Food scarcity and food choices to blame
By Dr. Gilberto Heredia Family Physician, Optum New Mexico
When widespread malnutrition or hunger makes headlines, many Americans tend to automatically assign the social ill to underdeveloped countries when they perhaps should be considering their own communities. In New Mexico, for example, one in five people age 60 and older, or 20 percent, faced the threat of hunger in 2018-2019, compared to a national average of 12.5 percent, according to America’s Health Rankings’ recently-released 2022 report. Come 2025, experts say, those numbers will begin to worsen, as that’s the year when the youngest of the Baby Boom generation reaches age 60.
Coinciding with the aging population, the number of food insecure seniors in New Mexico is expected to increase by 50 percent, according to the City of Albuquerque Department of Senior Affairs. This poses a dire health problem for New Mexico as the accessibility and availability of healthy foods can make a big difference in a person’s overall health as well his/her risk of chronic diseases.
Silver Horizons, a long-standing Albuquerque-based nonprofit, is the only organization in the state whose primary focus is to give extremely low-income seniors access to nutritious groceries. In recognition of the need, Optum New Mexico has partnered with Silver Horizons on its initiatives to support its monthly client base of about 4,000 struggling New Mexicans over age 50.
Indeed, there is increasing evidence that food insecurity (the inability to access sufficient and nutritious food for an active, healthy life ) is associated with chronic health conditions, including diabetes, hypertension, asthma, arthritis, chronic bronchitis, and emphysema, according to the Centers for Disease Control (CDC). This link may be particularly strong among adults aged 50 or older, who are at higher risk of chronic conditions than younger adults. According to a 2014 report, compared with younger adults, food-insecure adults aged 60 or older were 53 percent more likely to report a heart attack, 40 percent more likely to report congestive heart failure, 22 percent more likely to report coronary heart disease, and 52 percent more likely to develop asthma.
However, it’s not just older populations that aren’t eating as well as they should be. Even many Americans who have access to healthy foods don’t get the recommended nutrition due to poor food choices. According to the CDC, fewer than one in 10 children and adults eat their recommended daily number of vegetables. Only four in 10 children and fewer than one in seven adults eat enough fruit.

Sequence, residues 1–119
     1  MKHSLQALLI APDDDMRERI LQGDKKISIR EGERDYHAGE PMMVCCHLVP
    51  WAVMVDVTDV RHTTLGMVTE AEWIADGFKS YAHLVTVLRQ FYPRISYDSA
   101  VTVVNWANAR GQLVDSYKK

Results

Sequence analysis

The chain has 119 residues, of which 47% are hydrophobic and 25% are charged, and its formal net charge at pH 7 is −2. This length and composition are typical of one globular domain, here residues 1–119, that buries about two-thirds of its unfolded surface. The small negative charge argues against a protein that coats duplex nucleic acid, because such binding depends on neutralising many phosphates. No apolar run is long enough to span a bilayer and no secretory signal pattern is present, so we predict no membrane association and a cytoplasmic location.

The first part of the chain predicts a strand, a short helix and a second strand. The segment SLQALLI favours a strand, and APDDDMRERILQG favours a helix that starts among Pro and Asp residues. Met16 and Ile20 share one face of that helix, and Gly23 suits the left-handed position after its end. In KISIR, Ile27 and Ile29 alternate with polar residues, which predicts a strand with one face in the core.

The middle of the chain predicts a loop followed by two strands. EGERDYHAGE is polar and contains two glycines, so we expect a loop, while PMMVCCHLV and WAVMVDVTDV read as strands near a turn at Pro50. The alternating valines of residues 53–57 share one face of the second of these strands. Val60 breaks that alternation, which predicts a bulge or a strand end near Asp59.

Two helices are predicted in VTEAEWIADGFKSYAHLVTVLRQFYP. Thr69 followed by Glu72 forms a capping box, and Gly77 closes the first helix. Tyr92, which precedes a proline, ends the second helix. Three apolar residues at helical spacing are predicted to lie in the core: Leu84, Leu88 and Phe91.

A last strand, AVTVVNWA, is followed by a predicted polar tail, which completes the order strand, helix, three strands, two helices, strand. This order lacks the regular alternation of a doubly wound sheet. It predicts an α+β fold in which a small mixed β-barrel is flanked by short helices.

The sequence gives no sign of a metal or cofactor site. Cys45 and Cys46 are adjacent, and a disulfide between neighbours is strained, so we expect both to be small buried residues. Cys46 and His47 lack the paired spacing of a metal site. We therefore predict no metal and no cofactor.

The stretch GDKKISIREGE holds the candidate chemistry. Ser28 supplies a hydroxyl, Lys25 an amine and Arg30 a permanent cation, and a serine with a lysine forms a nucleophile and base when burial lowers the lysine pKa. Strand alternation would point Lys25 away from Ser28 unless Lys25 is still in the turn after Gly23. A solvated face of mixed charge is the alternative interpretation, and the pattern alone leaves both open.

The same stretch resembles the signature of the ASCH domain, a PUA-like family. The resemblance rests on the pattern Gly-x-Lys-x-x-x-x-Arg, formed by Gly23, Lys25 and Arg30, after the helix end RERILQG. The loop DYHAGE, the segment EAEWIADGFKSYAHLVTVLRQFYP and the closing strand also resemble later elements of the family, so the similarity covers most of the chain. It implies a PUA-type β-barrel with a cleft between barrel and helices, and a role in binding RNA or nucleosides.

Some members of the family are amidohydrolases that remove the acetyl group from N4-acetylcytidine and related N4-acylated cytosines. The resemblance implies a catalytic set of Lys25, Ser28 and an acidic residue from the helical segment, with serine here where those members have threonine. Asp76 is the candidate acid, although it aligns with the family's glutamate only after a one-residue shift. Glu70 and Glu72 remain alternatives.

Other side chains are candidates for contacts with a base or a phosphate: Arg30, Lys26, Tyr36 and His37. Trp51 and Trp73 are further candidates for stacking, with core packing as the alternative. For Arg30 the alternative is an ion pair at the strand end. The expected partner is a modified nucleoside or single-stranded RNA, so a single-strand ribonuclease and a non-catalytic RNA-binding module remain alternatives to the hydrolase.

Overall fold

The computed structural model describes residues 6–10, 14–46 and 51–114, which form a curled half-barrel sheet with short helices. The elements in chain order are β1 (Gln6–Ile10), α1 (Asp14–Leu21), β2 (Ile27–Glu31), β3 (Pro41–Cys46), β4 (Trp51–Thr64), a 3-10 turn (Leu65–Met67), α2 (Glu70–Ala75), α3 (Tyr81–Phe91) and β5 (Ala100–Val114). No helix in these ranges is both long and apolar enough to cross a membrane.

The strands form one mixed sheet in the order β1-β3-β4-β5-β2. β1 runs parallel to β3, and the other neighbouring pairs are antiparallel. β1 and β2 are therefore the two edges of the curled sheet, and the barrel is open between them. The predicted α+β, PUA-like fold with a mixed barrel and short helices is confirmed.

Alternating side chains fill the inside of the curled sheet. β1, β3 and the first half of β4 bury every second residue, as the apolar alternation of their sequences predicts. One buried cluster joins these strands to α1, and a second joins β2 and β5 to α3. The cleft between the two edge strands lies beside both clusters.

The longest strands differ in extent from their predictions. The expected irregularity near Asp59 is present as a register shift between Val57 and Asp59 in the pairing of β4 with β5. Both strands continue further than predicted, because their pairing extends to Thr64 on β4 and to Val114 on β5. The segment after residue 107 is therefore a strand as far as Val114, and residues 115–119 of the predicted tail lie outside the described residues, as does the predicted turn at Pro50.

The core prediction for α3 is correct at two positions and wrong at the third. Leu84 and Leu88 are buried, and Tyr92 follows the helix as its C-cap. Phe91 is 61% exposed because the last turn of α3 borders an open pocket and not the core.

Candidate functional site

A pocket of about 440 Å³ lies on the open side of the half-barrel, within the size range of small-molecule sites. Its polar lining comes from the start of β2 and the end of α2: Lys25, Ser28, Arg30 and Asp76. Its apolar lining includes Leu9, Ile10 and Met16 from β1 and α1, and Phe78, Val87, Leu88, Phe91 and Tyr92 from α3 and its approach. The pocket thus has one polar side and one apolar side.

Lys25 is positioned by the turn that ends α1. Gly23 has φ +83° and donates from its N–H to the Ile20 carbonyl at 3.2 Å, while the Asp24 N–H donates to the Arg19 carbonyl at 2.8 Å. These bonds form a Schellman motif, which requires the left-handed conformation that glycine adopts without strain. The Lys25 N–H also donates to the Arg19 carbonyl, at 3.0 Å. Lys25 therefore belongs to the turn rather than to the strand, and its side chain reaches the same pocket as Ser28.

The US Department of Agriculture recommends that Americans meet their nutritional needs through consuming nutrient-dense foods and beverages and staying within daily calorie limits. Nutrient-dense foods are defined as providing vitamins and minerals, and having little to no added sugars, saturated fat and sodium.
The foods that make up a healthy diet include: fruits, especially whole; oils, including vegetable and natural oils that occur in foods such as seafood and nuts; protein-rich foods that include lean meat eggs, beans, peas, lentils, nuts, seeds, and soy products; grains, at least half of which are whole; vegetables of all types, especially dark green; and dairy, including low-fat or fat-free milk, yogurt and cheese (or lactose-free versions).
According to the USDA’s Dietary Guidelines recommendations, there are also some foods and beverages that should be strictly limited including foods with added sugar and saturated fats which should be less than 10 percent of daily calories. Regarding sodium, adults should consume less than 2,300 milligrams of sodium per day. Finally, if a person chooses to drink, it should only be in moderation limited to two drinks per day for men or one drink or less a day for women.
Understanding that the foods and beverages that we consume have a profound effect on our collective health is a great place to start getting New Mexico on track to be a healthier state. The scientific connection between food and health is well documented, and there is substantial evidence to show that healthy dietary patterns can help people achieve and maintain good health and reduce the risk of chronic diseases throughout all stages of life.
While every stage of life is unique in terms of nutrition needs, early food preferences influence later food choices, which means establishing healthy dietary patterns early in life may have a beneficial impact on health promotion and disease prevention over the course of decades.
Using online resources, such as MyPlate, can help you decide what to eat and drink in order to promote a healthy eating routine. Individuals can personalize their diet using a personalized MyPlate Plan that is based on age, gender, weight and physical activity level.